second @merosen40 - owned them both and they are excellent entry level cartridges for the money. That was two years ago and as most of here know, I fell into the rabbit hole and started to upgrade my TT and cartridges. And I can tell you that from experience (now Linn Sonedek LP12 with Koetsu Black cartridge - bought used) that there is noticeable difference in all aspects of ugrading your sound experience, turntable included. The trick IMHO is to first make a slight upgrade change (as you are), spend some time enjoying your new sound, for more than a while...then and only then begin to upgrade components that match your system. AND listen to this group in its entirety, there are some really experience audiophile people who have been in your exact shoes...maybe the better question to ask the group is you are interested in purchasing a new TT with cartridge for $X dollars and like the idea of a removable head. I think you will get some great answers. Enjoy the ride !!
Look on Ebay for an AT-12sa vintage cartridge you can find NOS for around $200.00 - $300.00 I picked one up a couple of months ago for $155.00 and then bought a NOS original stylus for another $55.00Shibata stylus MMOr if you want to spend a little more you can look for a vintage NOS AT-15sa for around $250.00 then just buy a NOS stylus for around
another $150.00 - $200.00Best yet upgrade your TT to at least an MH 3.3 or 5.3 TT otherwise as stated above just wasting your money on a cartridge that is going on an economy TT
I will second both the audio technica at-f7 @ $259 currently on Amazon. I will also highly recommend the Hana EL @ $475! The Hana is absolutely wonderful for the money. At elusive disc.com they are running a special right now on the hana @ I believe $427 if you trade in any brand working or non working cartridge. If I were you I’d go with the Hana and just buy a cheap pos cartridge off Ebay for 7 or 8 bucks and use it as trade in value towards the Hana. Otherwise, for the money, you will find none better for the price of the aforementioned audio technica F-7. Look at the review of the AT @ whathifi....the people telling you that you need to spend over 800 bucks to get a good M/C cartridge are full of crap! Maybe that was how it used to be, but not now....we live in a wonderful time to be an audiophile...there are extraordinary bargains to be had....
I loved my Denon 103 D. LOMC. Compliant with many arms. Should be in your price range. Look it up.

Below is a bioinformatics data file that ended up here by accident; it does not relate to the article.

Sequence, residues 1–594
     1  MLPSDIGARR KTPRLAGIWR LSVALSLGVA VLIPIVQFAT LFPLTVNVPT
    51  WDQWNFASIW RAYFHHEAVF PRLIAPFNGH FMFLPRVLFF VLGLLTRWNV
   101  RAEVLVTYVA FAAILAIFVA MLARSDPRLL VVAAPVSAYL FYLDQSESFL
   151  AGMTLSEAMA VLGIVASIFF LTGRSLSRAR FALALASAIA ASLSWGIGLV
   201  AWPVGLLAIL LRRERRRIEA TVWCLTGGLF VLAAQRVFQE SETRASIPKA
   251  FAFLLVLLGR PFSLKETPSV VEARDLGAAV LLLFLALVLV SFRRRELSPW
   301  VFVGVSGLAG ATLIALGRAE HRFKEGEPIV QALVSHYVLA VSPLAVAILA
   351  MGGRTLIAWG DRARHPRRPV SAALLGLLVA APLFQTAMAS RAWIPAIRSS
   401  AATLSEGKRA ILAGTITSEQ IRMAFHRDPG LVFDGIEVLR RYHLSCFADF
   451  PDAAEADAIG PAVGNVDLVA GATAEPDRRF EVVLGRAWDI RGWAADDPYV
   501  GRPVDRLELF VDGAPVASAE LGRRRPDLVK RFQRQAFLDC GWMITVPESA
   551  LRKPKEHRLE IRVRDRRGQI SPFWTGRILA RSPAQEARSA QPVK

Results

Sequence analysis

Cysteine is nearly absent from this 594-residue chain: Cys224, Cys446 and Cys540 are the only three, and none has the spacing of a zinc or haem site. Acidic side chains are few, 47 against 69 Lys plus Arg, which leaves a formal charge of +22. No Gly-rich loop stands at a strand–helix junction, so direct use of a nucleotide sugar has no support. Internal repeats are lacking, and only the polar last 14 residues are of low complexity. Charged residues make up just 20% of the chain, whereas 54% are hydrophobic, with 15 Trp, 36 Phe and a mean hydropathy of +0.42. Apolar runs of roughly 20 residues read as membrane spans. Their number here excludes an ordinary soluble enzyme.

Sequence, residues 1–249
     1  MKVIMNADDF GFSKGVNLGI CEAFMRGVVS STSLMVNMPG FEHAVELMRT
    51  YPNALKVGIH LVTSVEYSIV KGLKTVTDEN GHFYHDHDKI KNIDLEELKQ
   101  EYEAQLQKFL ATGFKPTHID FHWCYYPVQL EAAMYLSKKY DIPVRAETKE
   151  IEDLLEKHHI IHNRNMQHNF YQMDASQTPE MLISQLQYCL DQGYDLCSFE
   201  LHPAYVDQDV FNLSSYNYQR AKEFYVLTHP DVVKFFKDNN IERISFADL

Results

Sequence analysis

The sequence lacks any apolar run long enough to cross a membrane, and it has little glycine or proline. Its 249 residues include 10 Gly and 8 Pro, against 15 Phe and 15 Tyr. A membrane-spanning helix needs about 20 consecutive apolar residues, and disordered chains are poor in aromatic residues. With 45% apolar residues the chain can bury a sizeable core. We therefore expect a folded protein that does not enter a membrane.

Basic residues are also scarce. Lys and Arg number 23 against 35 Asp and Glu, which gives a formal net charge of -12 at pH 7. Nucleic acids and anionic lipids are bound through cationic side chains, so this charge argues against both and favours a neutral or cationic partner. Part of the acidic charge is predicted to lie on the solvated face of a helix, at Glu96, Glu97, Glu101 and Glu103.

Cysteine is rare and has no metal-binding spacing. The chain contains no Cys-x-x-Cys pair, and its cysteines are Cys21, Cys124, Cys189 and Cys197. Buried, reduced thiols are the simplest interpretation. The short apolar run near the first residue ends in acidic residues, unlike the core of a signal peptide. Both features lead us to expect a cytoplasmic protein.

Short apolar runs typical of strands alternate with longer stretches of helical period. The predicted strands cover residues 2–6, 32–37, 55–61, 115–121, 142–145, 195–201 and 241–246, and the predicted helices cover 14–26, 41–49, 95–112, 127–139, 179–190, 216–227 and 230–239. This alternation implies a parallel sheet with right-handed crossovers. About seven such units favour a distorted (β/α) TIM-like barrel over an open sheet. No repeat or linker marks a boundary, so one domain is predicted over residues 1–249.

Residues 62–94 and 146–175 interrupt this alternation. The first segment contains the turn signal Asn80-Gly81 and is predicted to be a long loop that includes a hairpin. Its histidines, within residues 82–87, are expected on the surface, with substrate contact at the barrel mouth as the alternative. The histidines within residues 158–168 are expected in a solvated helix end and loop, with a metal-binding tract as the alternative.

Several solid recommendations here. Thank you!

One brand that is noticeably absent is Ortofon. 

thanks

In my opinion....

The price range you're suggesting does not have any adequate moving coil cartridges.  Or t least any moving coil cartridges that start to reveal some of the potential of MC carts.  IMO, the real entry-level moving coil cartridge is the Audio Technica OC9/II.  Some higher-priced cartridges are as good, but they are higher-priced.  At their price point, Audio Technica moving coil cartridges seem to be the best in their respective classes.  Many of their top cartridges are based on the OC9 design.  And for good reason.  

I used OC9/II's for years.  Only recently have I moved to Lyra cartridges.  But I still have an OC9/II as a backup.  

@bpoletti, unless I am mistaken jumping from an ATOC9II to Lyra is at least an order of magnitude jump in the price. Does that  jump REALLY justify the sonics ?  Note that at my age of 62, I very much doubt I hear anything over 16k if I am lucky.
Gotta ask a question.  Back in the day, the SME arms were not considered to be highest quality as they had a removable headshell.  Arms with fixed headshells were considered SOTA.

Has this changed over the years?  What arms are considered to be SOTA today?  Back then Linn Sondek was considered the best belt drive table and Technics the best direct drive. although there was a constant back-and-forth as to which drive was "better."

Today?

Cheers!
I'd suggest having a read over at The Korf Blog.  It's the only place I know of where measurements of (a few) tonearms and headshells can be found.
Anyway, there are a number of very good tonearms around today which feature removable headshells.  Ikeda, Thomas Schick and Reed to name the three which spring immediately to mind.  No doubt there are more.
I doubt that anyone today would consider the LP12 to be the best belt drive table available, while the Technics is likely still up there.  Not many new DDs
to be had these days though.
Do you need the built-in MM preamp? You do not!  Don’t waste your money on a table with that feature!  Check out the Fluance RT-85; it is supplied with an Ortofon 2M Blue MM cart. Enjoy for now, then choose the ATO9XEN. Or buy both and sell off the unused 2M Blue. You’ll pay $850, recoup maybe $150...still right on budget.